December 28, 2010,
By David Gill
From the downbeat atmosphere of the 2009 show to the cautiously optimistic mood at last year's event, the 2011 Heimtextil is ready to take place this month with a textiles-industry surge apparently within sight.
To Schmidt, the rising number of exhibitors is an indicator of not only an upbeat Heimtextil, but of a rosier view for the global textiles economy for 2011. "After the financial and business crisis of recent years, we now sense an upswing in the market," Schmidt said.
The market has "registered positive signals," Schmidt said, "all of which means that the sector can once again concentrate on subjects directly relating to home and contract textiles."
For Heimtextil 2011, Messe Frankfurt has realigned the home-textiles segment. In Hall 3.1, the wall-products area will be on display, where it is expected to complement the floor-products group. Hall 4 will be transformed into a center for window and upholstery products, and will include a meeting place for manufacturers and contract vendors in these segments.
Textile designers will be moved from Hall 1.1 to Hall 4.2, where they will be adjacent to the CAD/CAM and home-technology segments. Hall 4.1 will serve as the center for contract exhibitors. Sun blinds and non-textile curtain accessories will be located in Hall 5.1. Non-textile and coated tablecloths, foils and art-related products will move from Hall 5.0 to Hall 9.0, where they will be near the table-linens section.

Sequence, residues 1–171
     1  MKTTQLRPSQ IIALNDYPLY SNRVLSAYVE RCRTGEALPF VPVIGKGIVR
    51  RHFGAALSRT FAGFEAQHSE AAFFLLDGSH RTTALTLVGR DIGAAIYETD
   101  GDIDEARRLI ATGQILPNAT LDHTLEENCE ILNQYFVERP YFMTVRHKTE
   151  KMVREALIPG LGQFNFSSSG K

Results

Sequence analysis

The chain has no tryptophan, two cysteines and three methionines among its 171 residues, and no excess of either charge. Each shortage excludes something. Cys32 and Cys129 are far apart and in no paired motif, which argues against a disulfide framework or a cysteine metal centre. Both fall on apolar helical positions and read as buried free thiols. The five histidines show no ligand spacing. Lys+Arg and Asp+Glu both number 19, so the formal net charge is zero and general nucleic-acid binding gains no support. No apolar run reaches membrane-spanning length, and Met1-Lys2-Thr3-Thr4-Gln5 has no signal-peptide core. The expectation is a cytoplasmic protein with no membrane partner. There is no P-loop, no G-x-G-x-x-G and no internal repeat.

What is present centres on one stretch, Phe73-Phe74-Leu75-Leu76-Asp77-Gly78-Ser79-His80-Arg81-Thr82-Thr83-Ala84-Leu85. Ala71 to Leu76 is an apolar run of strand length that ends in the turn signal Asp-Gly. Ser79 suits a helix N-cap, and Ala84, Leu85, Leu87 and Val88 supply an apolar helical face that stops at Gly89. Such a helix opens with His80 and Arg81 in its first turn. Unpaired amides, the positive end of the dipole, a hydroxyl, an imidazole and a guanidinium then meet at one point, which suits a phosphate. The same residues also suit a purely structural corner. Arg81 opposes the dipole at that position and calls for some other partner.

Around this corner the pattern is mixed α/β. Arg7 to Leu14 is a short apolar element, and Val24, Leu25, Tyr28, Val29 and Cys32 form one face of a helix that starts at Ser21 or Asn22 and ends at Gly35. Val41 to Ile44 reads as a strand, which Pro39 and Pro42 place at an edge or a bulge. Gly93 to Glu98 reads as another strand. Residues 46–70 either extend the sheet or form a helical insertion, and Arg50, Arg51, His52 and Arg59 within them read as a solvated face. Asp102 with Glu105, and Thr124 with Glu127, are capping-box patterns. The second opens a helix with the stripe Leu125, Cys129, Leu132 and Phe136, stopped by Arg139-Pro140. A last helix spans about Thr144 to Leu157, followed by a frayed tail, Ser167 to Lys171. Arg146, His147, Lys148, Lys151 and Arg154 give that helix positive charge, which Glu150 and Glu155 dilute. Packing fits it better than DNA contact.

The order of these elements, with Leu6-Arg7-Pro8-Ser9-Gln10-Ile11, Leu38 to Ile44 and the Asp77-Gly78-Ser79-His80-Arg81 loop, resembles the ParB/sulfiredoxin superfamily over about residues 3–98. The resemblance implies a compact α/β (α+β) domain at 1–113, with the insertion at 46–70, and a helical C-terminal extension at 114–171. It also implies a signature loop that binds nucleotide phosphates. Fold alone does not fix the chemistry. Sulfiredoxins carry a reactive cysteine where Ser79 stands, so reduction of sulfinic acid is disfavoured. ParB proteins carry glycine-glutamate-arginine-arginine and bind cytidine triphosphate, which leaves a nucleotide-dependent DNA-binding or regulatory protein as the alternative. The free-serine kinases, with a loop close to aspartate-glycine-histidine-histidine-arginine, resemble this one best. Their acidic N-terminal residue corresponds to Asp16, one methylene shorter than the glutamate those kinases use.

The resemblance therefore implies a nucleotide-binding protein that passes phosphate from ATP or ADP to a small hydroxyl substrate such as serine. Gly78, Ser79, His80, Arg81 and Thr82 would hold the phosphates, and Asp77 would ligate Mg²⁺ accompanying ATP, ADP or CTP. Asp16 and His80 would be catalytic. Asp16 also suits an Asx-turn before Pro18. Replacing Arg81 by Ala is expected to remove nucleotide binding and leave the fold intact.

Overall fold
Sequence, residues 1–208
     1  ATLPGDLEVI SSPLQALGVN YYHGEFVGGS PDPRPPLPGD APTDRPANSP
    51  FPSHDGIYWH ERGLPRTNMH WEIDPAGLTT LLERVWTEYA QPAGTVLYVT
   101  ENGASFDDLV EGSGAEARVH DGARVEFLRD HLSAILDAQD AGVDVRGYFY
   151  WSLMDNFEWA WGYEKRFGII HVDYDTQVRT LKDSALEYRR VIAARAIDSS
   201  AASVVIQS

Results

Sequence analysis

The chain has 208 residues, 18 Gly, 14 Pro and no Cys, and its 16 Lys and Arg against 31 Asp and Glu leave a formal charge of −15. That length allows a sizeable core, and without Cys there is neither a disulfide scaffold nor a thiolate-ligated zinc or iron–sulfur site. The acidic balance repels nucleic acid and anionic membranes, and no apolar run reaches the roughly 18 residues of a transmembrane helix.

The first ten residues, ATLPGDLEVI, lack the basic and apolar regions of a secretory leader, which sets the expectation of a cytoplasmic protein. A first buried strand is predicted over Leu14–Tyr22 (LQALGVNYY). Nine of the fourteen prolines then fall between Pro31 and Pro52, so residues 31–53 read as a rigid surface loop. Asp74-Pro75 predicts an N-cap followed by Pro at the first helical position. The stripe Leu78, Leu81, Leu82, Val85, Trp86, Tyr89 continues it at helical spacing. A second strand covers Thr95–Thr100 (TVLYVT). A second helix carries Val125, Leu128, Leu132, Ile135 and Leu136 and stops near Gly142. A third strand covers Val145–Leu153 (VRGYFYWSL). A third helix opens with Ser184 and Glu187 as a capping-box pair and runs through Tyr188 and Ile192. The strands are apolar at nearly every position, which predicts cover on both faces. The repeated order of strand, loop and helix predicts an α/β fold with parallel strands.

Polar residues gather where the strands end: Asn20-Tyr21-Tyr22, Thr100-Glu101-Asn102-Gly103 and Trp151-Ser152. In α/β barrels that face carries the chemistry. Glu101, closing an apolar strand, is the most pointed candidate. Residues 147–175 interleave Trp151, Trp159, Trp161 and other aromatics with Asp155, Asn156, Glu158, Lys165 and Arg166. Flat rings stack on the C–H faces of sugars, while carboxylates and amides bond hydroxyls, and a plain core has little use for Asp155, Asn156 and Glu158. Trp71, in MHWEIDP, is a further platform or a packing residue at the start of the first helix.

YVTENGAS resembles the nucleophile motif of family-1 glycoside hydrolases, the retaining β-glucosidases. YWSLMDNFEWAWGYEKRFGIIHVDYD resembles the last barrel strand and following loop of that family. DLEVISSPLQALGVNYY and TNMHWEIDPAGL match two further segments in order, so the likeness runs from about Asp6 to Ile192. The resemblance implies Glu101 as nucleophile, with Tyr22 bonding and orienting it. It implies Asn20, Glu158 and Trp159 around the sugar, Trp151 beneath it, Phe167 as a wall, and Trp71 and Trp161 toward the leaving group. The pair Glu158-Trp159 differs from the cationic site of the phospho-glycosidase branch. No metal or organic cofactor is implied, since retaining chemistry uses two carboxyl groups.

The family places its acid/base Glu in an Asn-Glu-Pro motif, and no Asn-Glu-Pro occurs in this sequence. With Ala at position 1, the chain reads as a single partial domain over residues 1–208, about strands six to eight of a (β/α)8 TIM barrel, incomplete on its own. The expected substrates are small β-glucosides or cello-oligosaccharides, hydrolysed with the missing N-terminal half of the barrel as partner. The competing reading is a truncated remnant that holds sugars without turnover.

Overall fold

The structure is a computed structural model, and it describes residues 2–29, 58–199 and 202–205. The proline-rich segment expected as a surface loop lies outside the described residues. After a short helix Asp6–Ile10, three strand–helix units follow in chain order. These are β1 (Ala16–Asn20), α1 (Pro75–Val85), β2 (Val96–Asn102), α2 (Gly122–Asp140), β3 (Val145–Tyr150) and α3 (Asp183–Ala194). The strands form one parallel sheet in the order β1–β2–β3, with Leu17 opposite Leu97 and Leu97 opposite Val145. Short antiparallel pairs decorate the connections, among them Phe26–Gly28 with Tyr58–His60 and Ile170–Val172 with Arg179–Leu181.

Schmidt said, "We are responding to developments in the industry with a reworked hall layout. We are convinced that the changes and redefinition of some areas will unlock new momentum and major synergies between the product areas."
Sustainability will be one of the key themes that will be highlighted during the show. Heimtextil 2011 will mark the debut of the Green Directory, which lists exhibitors with product ranges of high ecological quality or manufactured in a sustainable way.
"The aim of this publication is to provide a valuable orientation for the industry," Schmidt said. "This guide allows buyers to find exhibitors with sustainable manufacturing processes and their products more quickly and easily."
Another part of the spotlight on eco-friendly products will be a special section in which Bark Cloth, a German-African vendor, will display textiles and composite materials manufactured from tree bark, using economical, ecological and sustainable practices.
As described in a Heimtextil statement, the cloth that serves as the main ingredient in these products is taken from the East African fig tree. The bark from this tree grows back extremely quickly, so that it can be harvested once a year without cutting down the tree. It will be displayed in a grouping of semifinished products that will be marketed under the brand name Bartex.
In another offering in the sustainability category, a lecture series in Hall 8 will explore business strategies and quality-control practices conducted by companies such as Tchibo and IKEA. A session called "Making organic quality grow" will provide an overview of eco-textile labels, and a special show area will feature sustainable textiles in Hall 11.1.
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